1. Prioritize real, whole foods.
Make sure that everything you're eating is whole — as in nothing processed or packaged. Since salt is a preservative, these are the foods that are highest in sodium — something to keep in mind when planning your meals. Plan on making sure that all items you choose are fresh: that means filling up on fresh fruits and veggies, whole grains, low-fat dairy and lean protein.
2. Know your limits with salt.
When it comes to buying snacks, a "low sodium" product has to be 140mg or less per serving — so if you're REALLY in a bind, you can follow that guideline for what to put on your card.
3. Go for that cup of joe.
Start your day with a cup of coffee. Caffeine is a natural diuretic and an excellent source of antioxidants, which protect your cells from damage. You can have up to 400mg — about a Venti Starbucks coffee — daily, according to the 2015 Dietary Guidelines for Americans.
Not much of a coffee drinker? Tea is also a natural diuretic, and types of herbal tea such as dandelion or fennel root can also lend a hand. In fact: When a recent study compared the metabolic effect of green tea (in extract) with that of a placebo, researchers found that the green-tea drinkers burned about 70 additional calories in a 24-hour period.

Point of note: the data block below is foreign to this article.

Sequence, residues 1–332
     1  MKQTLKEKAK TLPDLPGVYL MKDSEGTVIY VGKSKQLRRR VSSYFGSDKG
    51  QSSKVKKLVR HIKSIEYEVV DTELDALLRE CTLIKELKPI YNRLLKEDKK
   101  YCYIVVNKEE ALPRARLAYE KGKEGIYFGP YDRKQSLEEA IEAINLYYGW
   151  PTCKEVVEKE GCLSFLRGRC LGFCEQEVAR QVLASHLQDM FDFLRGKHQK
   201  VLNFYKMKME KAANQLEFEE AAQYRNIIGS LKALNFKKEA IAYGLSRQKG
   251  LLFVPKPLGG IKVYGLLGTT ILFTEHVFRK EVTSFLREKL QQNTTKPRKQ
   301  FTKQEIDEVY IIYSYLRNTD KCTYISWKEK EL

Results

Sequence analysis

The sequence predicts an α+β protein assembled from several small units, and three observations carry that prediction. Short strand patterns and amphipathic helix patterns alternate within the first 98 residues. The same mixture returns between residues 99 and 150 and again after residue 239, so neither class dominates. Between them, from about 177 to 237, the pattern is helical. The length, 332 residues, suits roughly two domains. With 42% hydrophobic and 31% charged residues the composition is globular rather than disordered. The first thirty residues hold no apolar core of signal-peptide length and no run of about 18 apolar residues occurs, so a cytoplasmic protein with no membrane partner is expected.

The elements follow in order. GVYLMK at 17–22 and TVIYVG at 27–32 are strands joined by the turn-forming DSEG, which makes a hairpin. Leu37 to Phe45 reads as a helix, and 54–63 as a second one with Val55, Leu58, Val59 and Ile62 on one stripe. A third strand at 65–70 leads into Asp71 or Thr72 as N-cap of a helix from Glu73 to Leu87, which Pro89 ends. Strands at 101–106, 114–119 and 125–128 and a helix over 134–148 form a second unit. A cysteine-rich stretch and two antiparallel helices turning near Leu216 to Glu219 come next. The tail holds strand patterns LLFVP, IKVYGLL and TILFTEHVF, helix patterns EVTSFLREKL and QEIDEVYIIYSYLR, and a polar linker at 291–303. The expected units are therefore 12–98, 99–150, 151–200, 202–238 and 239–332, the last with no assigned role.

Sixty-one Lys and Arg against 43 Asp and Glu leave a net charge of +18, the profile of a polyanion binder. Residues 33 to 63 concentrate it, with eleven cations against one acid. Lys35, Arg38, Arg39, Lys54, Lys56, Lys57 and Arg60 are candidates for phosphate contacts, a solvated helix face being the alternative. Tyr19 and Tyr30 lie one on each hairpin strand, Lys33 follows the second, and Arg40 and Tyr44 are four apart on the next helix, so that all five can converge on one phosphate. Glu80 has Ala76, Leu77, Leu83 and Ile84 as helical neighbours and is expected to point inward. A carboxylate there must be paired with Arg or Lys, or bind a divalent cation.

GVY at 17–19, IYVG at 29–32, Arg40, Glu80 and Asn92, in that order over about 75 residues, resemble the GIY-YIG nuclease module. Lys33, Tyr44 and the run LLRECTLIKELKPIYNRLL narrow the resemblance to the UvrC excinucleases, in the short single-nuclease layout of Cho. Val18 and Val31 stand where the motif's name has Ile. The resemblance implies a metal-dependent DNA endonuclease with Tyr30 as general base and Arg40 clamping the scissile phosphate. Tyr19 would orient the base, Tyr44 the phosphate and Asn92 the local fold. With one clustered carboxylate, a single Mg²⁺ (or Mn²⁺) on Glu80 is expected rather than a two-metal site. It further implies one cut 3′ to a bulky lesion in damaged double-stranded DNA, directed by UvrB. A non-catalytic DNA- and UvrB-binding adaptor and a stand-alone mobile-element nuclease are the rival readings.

4. ...and skip sugary beverages.
Plain and simple: We just don't feel full by liquid calories in quite the same way as we do real food. Drinking a juice or caramel-y coffee drink, for instance, won't make you feel full the way eating a bowl of veggie-and-protein packed stir-fry will. So monitor your intake of juice, soda, sweetened coffee and tea drinks and alcoholic beverages. If you consume one of each of those beverages during the day, you'll have taken in at least 800 extra calories by nighttime — and you'll still be hungry. (Incidentally, alcohol may suppress the metabolism of fat, making it tougher for you to burn those calories.) Some other ways to skip sugar? Check 'em out here.
5. Buy a set of 5-pound weights.
It's a one-time investment you'll never regret. Here's why: Strength training builds lean muscle tissue, which burns more calories — at work or at rest — 24 hours a day, seven days a week. The more lean muscle you have, the faster you'll slim down. How do you start strength training? Try some push-ups or a few squats or lunges. Use your free weights to perform simple biceps curls or triceps pulls right in your home or office. Do these exercises three to four times per week, and you'll soon see a rapid improvement in your physique.
6. Eat spicy foods — seriously!
It can actually help you cut back on calories. That's because the compound capsaicin, a compound found in jalapeno and cayenne peppers, may (slightly) increase your body's release of stress hormones such as adrenaline, which can speed up your metabolism and your ability to burn calories. What's more, eating hot peppers may help slow you down as you eat, since you're less likely to wolfed low that spicy plate of spaghetti (and stay more mindful of when you're full). Some great ones (with additional benefits): Ginger, turmeric, black pepper, oregano, and jalapenos, all of which are flavor top trends for 2017!